48 DV—S/A—VV Rhythms The vagal afferents that come from the gut and diaphragm help modulate pain. The task is to stimulate them so that they are optimally available. Many people float between DV & S/A. DV interacts with a spinal pathway used in nociception, processing of harmful stimuli. This disrupts blood pressure-vasovagal sympatheticsyncope. 3 syndromes: chronic fatigue, fibromyalgia, & blood pressure regulation problems (fainting and falling). All DV. If the person attempts to regulate from DV, they cannot immobilize without fear, which further maintains freeze.

49 How to Stimulate Vagal Afferents
Vibrating a sound from the diaphragm—”voo”—”ahhh” long sigh…also releases jaw Sing, vocalize, or chant especially in higher range—create prosody Many of the powerful afferents are in the diaphragm so pushing the diaphragm down & extending the duration of exhalation increases the VV flow, which triggers the DV & sympathetics to go back into homeostasis.

50 Shifting out of the DV shutdown
The shift from acute to chronic pain largely happens through bracing, constricting, & holding patterns that aren’t released. This then creates more pain. More pain itself causes more bracing and more sympathetic activation. Eventually this leads to shutdown and release of many opioids in dissociation. To get out of shut down, we activate the VV through the therapist’s presence, voluntary belly or abdominal breathing, creating a “now” state. Can also walk or move together with clients to help them come into the now. Impt. to honor the defense system being used, and help the client make the change gradually. Remember, pain and trauma do NOT resolve in shutdown. Clients must come out of shutdown to be energetically accessible to different experience.

51 Autonomic Balance If VV is functioning well, then you have AB between the sympathetic and DVsense of well-being. Must keep the DV & S/A out of defensive roles. Then the person can connect with feelings of well-being & expansion and shift back and forth with pain (pendulation). Other types of movement can contribute, such as rocking. The key is rhythm. Standing on ½ of an exercise ball while holding on for support with the therapist there brings safety and trust. This changes an activity into a neural exercise of growth vs. a shutting down defensive reaction

52 The Pain Trap: S/A & DV •The brain responds to threat by activating primitive brain structures like the brain stem and amygdala. • If there is a perception of danger that is threatening, the brain turns on the fear response. • Once the fear response is activated, the body begins to brace to protect against threat (ex. arms come up to protect the head). • Bracing can trigger chronic constriction and chronic pain if not released. • Eventually we brace against the pain itself which creates more constriction and pain. • As this continues we can collapse into helplessness or freeze.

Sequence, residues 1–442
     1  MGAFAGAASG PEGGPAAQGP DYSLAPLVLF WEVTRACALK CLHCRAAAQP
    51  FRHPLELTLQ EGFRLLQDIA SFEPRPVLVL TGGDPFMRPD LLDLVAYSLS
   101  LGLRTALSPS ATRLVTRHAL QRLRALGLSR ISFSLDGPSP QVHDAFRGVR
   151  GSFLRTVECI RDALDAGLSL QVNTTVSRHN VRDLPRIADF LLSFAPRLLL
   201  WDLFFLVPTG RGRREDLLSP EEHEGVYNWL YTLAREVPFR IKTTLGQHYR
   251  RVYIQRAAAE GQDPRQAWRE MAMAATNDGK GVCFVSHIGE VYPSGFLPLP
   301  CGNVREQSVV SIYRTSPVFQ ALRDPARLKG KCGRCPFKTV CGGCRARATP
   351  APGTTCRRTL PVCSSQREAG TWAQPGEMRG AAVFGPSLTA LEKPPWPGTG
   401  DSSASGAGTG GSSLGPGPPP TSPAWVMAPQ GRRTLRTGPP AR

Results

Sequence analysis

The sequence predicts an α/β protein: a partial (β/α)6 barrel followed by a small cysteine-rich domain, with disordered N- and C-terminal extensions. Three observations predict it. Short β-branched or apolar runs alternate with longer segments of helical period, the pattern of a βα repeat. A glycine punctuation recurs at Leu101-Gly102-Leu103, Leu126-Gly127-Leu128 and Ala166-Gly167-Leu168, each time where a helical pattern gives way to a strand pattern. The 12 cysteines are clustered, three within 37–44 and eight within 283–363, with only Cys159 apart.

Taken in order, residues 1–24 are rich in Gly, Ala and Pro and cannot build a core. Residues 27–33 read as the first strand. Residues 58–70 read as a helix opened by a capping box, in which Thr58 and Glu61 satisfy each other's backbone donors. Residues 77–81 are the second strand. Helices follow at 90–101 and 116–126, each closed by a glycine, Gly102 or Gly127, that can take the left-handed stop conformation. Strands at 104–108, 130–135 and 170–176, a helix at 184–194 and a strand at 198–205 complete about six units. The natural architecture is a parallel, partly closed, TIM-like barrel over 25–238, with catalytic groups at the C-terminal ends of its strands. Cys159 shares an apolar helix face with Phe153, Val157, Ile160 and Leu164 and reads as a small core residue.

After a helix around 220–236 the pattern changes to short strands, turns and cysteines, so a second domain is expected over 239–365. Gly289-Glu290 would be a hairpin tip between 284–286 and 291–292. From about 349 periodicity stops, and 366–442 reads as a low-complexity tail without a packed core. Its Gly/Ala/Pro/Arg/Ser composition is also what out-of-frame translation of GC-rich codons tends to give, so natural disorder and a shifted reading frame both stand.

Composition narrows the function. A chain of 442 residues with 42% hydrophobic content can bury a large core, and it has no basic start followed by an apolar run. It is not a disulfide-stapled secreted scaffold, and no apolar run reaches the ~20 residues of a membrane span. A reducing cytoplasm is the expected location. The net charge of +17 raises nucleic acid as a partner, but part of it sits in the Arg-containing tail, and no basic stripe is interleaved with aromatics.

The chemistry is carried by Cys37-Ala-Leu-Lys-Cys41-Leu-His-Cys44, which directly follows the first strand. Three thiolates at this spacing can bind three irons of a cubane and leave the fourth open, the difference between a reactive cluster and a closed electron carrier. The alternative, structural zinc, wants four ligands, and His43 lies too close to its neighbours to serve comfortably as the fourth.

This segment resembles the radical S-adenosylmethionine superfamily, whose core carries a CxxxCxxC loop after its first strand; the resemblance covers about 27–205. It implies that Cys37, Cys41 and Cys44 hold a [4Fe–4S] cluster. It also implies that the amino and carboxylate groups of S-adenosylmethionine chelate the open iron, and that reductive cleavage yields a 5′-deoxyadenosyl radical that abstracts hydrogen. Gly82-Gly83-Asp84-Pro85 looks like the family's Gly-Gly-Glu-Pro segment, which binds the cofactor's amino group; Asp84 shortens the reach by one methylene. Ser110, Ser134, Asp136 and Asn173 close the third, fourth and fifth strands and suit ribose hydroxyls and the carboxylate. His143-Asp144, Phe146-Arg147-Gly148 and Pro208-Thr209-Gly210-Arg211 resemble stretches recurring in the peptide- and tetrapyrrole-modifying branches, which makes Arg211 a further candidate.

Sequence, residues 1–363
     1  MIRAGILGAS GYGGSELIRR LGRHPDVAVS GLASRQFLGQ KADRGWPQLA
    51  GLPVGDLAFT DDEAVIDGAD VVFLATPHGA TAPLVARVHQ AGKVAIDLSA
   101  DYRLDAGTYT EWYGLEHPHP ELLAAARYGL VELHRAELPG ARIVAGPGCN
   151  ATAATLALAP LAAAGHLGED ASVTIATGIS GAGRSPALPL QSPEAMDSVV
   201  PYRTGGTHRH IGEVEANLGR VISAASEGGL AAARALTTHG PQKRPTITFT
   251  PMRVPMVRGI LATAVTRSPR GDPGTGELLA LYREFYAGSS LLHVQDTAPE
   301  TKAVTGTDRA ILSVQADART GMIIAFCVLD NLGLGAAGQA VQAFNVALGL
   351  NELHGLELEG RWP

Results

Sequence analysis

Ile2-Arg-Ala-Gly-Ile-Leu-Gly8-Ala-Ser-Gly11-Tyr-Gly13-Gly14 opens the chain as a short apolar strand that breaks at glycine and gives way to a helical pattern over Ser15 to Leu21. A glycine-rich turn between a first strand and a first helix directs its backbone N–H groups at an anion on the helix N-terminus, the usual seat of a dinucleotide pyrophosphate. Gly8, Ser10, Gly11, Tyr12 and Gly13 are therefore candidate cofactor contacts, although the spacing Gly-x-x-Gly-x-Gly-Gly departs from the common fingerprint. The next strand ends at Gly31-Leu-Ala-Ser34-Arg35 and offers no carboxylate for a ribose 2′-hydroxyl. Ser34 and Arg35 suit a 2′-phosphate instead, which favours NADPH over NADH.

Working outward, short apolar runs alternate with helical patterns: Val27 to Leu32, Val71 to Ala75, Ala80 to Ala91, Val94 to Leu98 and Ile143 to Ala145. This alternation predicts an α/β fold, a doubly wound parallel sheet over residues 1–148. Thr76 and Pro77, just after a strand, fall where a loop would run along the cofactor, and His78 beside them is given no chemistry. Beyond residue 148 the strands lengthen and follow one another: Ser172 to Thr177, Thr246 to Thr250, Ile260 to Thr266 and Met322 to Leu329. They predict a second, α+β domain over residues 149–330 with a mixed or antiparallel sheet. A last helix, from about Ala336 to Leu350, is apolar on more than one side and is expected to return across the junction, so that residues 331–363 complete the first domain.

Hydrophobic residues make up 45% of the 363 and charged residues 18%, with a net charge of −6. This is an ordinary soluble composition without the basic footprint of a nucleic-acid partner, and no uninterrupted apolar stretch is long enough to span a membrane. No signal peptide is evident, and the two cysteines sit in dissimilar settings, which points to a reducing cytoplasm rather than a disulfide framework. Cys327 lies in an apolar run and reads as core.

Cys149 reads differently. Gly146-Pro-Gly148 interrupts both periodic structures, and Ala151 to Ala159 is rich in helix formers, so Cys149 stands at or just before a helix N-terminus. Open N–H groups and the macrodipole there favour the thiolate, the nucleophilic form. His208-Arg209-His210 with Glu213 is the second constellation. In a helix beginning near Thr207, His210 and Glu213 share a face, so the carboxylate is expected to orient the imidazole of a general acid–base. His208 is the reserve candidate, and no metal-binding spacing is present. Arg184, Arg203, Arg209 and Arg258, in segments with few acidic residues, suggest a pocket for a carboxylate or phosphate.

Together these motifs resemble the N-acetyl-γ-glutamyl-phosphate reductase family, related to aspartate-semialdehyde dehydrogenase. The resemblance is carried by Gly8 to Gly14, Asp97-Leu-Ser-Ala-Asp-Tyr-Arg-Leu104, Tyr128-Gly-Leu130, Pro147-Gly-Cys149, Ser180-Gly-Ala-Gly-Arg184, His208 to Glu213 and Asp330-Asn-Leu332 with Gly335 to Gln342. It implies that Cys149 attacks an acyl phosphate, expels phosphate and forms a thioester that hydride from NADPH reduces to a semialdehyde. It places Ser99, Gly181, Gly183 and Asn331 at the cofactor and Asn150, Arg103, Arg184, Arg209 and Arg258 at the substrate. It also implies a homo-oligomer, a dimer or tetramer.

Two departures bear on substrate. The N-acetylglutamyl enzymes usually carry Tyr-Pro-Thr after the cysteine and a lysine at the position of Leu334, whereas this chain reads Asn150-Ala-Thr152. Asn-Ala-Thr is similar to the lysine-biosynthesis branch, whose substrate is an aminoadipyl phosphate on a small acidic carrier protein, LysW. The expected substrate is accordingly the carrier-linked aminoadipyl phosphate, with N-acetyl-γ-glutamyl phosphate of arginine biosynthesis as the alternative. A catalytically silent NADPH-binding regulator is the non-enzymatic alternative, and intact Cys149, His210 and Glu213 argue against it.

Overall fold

53 The pain trap deepens in complexity because certain areas of the brain like the frontal lobes essential to observation, language, and perspective are turned off •Threatfearbracingconstrictionpain collapse • If this vicious cycle is not interrupted, many serious problems occur, including chronic pain. • One powerful intervention is to use curiosity to help interrupt the fear response • We can also learn to keep a soft, mindful focus on sensations so that we learn the felt sense instead of defaulting to the DV shutdown/dissociation. • And we can activate the VV to downregulate both S/A & DV through breathing, vocalizing, & positive attachment experience

54 Ericksonian Pathway #4: Utilization
1) When helping a client out of the freeze, use what is currently working best to shift the client toward mobility, movement, and momentum, and even enjoyment. 2) Playing and listening to music, online games, engaging hobbies, or even very short walks that feel comfortable and energizing. 3) Gradually and slowly you can help the client increase the baseline or watch for times when they are beginning to do so.

55 Teleclasses/Webinars in Mindbody Healing, Trauma, & Pain
Books by Maggie Phillips: Freedom from Pain (2012) with Peter Levine Reversing Chronic Pain (2007) Finding the Energy to Heal (2000) Healing the Divided Self (1995) Maggie Phillips, Ph.D. (510) Teleclasses/Webinars in Mindbody Healing, Trauma, & Pain CD Program on Hypnosis & Pain

Download ppt ": POLYVAGAL SOLUTIONS TO TRAUMA AND PAIN: Ericksonian Pathways"

Similar presentations

Ads by Google